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Senior Correspondent

Emergency Rooms and Our Health Care System

Emergency Rooms and Our Health Care System


A couple of weeks ago I reported on the excellent HMO that provides medical care for my wife and me. We have a super primary physician, capable specialists and no trouble in scheduling appointments. There is, however, one troublesome area, which I understand is not just a local problem but is a common complaint throughout the system. Let me briefly explain.

Last month, after my wife Wendy had spent two days in severe pain, our primary care physician called and told us to report immediately to the emergency room at our local hospital. We arrived by car within 30 minutes with what was obviously an emergency. Wendy could not even walk into the facility and had to be carried in by wheelchair.

I’ll spare you the details, but we spent several hours in the waiting room before being seen by an ER physician. We then spent additional hours in the same crowded waiting area. Wendy was finally rushed to the operating room at midnight for what, by that time, was a ruptured appendix. If the hospital had an adequate triage protocol, it wasn’t working. An overnight stay for a normal appendectomy turned out to be a week’s hospitalization and another three-week recovery complicated by pneumonia.

The problem, of course, was the overwhelmed ER. During the hours we were waiting, my guess is over 200 people arrived looking for some sort of treatment. Since this occurred in the middle of winter, there was plenty of flu around. Few of those who flooded the ER appeared to be in serious danger or were facing emergencies. They were children with fevers, many with symptoms of the flu and other assorted complaints. Without a primary care physician, they used the ER for all their medical complaints. But that is probably the most expensive care imaginable. They were mostly people of modest resources, and no one can blame them for seeking what medical help was available.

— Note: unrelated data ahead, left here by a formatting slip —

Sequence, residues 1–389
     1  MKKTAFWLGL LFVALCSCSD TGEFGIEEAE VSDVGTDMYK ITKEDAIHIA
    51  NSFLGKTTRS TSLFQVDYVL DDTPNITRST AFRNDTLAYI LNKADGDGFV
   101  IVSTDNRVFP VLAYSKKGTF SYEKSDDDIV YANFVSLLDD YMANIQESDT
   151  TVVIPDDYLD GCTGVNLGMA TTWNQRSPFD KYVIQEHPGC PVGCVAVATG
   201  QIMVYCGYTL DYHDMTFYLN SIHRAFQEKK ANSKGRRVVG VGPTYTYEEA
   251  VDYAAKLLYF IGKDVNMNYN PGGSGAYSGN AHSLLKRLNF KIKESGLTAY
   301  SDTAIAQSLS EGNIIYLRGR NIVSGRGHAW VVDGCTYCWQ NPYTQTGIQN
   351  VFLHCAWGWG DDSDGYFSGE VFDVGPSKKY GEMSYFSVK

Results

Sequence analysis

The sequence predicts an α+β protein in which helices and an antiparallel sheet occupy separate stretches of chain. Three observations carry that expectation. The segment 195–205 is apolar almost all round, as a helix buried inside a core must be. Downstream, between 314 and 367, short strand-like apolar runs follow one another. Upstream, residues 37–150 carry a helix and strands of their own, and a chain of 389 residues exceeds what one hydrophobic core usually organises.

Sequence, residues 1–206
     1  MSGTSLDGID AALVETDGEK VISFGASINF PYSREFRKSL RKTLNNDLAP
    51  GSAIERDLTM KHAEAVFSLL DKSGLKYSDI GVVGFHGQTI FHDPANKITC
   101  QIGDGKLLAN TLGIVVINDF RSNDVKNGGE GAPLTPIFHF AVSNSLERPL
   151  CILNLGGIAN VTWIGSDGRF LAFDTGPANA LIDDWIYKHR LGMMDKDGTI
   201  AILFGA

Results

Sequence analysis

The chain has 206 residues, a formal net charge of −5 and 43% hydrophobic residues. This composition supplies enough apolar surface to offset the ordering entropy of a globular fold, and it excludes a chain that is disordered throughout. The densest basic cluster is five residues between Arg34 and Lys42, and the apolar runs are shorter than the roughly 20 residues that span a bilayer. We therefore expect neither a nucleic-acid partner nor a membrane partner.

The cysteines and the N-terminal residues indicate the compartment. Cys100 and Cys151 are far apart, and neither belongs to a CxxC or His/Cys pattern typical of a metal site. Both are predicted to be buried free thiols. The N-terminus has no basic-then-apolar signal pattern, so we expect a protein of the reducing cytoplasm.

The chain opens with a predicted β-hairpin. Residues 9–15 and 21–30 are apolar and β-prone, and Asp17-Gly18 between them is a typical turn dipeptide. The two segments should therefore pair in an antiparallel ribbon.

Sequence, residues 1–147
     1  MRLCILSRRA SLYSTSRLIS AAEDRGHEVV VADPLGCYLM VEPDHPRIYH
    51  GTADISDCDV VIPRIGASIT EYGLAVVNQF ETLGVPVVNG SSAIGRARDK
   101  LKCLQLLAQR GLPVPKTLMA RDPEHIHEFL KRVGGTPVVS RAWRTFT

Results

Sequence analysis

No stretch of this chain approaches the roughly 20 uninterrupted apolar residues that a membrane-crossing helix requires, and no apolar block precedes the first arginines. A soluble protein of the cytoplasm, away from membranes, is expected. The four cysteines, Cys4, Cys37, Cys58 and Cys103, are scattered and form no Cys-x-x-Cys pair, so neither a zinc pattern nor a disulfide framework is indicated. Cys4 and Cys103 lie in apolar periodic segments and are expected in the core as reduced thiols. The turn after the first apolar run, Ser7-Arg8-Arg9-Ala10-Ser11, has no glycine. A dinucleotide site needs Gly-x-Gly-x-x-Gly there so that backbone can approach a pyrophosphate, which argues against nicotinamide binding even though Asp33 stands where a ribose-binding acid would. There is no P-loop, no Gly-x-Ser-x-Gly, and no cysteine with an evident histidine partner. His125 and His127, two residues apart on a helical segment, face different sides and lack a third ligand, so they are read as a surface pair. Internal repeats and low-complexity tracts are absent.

The ER may be one of the most important social levelers. Even so, what turned out to be a life-threatening situation for my wife was smothered in an overrun facility.

Since then I have written the CEO of the hospital, but no answer has yet come. He is known as an honorable person, and I believe I will hear from him soon. A member of the administrative staff did visit my wife and told her that she had needed to ”shout louder.” So much for a triage protocol.

I also learned that nobody who needs serious attention should drive to the ER. No matter the expense, call an ambulance. In our area one would show up in a few minutes, together with a separate rescue squad and a fire truck. And that is exactly what happened two weeks later when, as a result of the original situation, Wendy developed pneumonia. With these emergency vehicles were ten EMTs, and she went to the same ER with sirens blaring and lights flashing.

Certainly across the nation emergency facilities are continually overwhelmed. There are just not enough affordable primary care physicians to go around. It remains to be seen whether the 11 million new enrollees in Obamacare will alter this situation. In the meantime, if you or someone you know has a real emergency, call an ambulance, but in no case drive to the ER.

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